The PDC gene was cloned from a genomic canine λ-DNA library (λFIX II Library; host: E. coli XL1-Blu MRA (P2) Stratagene, La Jolla, Ca, USA) according the Stratagene standard protocol. Recombinant λDNA was fixed to HybondTM-N Nylon membranes (Amersham, Buckinghamshire, UK) and UV-crosslinked (1' 70 mJ/cm2). The library was screened with PCR amplificates of probes from exon 2 corresponding to nucleotide positions 59-143 and from exon 4 positions 296-667 of the mRNA of the canine PDC gene (EMBL accession number CFY17697). These probes were labeled using [α 32P] dATP and the Megaprime Labelling System (Amersham, Buckinghamshire, UK). Hybridizations were performed at 65 °C in 0.5 M sodium phosphate buffer pH 7.2/7% sodium dodecyl sulfate . After hybridization the filters were washed twice for 30 min each in 2X SSC/1% SDS, once for 15 min with 0.2X SSC/1%SDS at 65 °C and for 30 min with 6X SSC at room temperature. The filters were exposed to phosphoimager screens (STORM 860) and evaluated with the programs STORM Scanner Control and Image Quant (Molecular Dynamics). Hybridizing clones were isolated and plaque purified as described . The approximate insert sizes of the different clones were estimated with exon primers via PCR (see conditions described above using about 0.2 ng phage DNA).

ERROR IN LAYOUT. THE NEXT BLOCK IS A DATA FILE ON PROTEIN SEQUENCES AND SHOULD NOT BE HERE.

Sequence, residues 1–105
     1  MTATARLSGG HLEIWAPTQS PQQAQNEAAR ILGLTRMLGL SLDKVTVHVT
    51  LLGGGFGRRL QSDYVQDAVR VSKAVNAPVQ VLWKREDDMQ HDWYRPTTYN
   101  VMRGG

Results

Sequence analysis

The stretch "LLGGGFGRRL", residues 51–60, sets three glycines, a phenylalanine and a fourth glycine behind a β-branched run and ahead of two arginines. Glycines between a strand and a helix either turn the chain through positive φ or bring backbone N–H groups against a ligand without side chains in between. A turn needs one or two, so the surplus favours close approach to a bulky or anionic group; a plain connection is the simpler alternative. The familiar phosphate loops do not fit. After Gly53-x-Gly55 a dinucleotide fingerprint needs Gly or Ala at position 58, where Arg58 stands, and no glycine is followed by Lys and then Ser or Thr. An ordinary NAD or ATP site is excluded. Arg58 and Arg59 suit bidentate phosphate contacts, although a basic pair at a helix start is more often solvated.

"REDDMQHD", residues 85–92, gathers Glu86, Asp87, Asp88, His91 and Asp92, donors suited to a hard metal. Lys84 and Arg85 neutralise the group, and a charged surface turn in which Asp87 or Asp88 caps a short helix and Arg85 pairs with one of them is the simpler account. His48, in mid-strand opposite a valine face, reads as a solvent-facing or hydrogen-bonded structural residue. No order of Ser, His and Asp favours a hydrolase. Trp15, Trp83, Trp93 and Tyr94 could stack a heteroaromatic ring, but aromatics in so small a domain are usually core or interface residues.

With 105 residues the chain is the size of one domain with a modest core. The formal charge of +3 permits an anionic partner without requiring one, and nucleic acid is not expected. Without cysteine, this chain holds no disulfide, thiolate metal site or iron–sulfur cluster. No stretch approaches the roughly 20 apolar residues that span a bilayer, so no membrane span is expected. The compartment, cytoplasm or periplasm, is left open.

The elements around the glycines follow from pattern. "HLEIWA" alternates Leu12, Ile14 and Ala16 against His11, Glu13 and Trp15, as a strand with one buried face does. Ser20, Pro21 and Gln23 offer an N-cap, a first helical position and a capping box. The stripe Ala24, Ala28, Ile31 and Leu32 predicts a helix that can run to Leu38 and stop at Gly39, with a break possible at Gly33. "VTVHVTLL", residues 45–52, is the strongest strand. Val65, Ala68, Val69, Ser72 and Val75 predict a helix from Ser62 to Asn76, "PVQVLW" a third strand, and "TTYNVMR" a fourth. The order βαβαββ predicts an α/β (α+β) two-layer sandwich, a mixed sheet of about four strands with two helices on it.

Exon/intron boundaries were analyzed by comparison of canine mRNA (, EMBL accession number Y17697) with four genomic sequences of the human retina-specific protein MEKA, i.e., the PDC gene (5'-flanking region ; Exon 1, 2, and 3  EMBL accession numbers L252260, M38058, and M38059, respectively) using the program Blast Search (NCBI). Intronic sizes were estimated by overlapping PCRs including parts of neighboring exons. PCR amplificates were extracted from 0.8% agarose gels using the Easy Pure extraction kit (Biozym, Germany) and sequenced with intron-overlapping primers (see Table 3). Parts of intron 1 of the PDC gene were characterized by nested PCR using the T7 primer sequence of the λ FIX II vector. Long-range PCR using the Elongase enzyme mix (GIBCO BRL, Karlsruhe, Germany) was performed from genomic DNA in order to identify the splice donor site of intron 1 according to the recommendations of the manufacturer. Sequencing reactions from 2-3 clones and conspicuous band patterns of the SSCP analysis were carried out by the dideoxy-chain termination method using the BDT (Perkin-Elmer, Norwalk, CT) according to the manufacturer's instructions. All sequencing reactions were run on an automated DNA sequencer (Applied Biosystems 373 XL, Foster City, USA) and analysed using the ABI PrismTM 373 XL.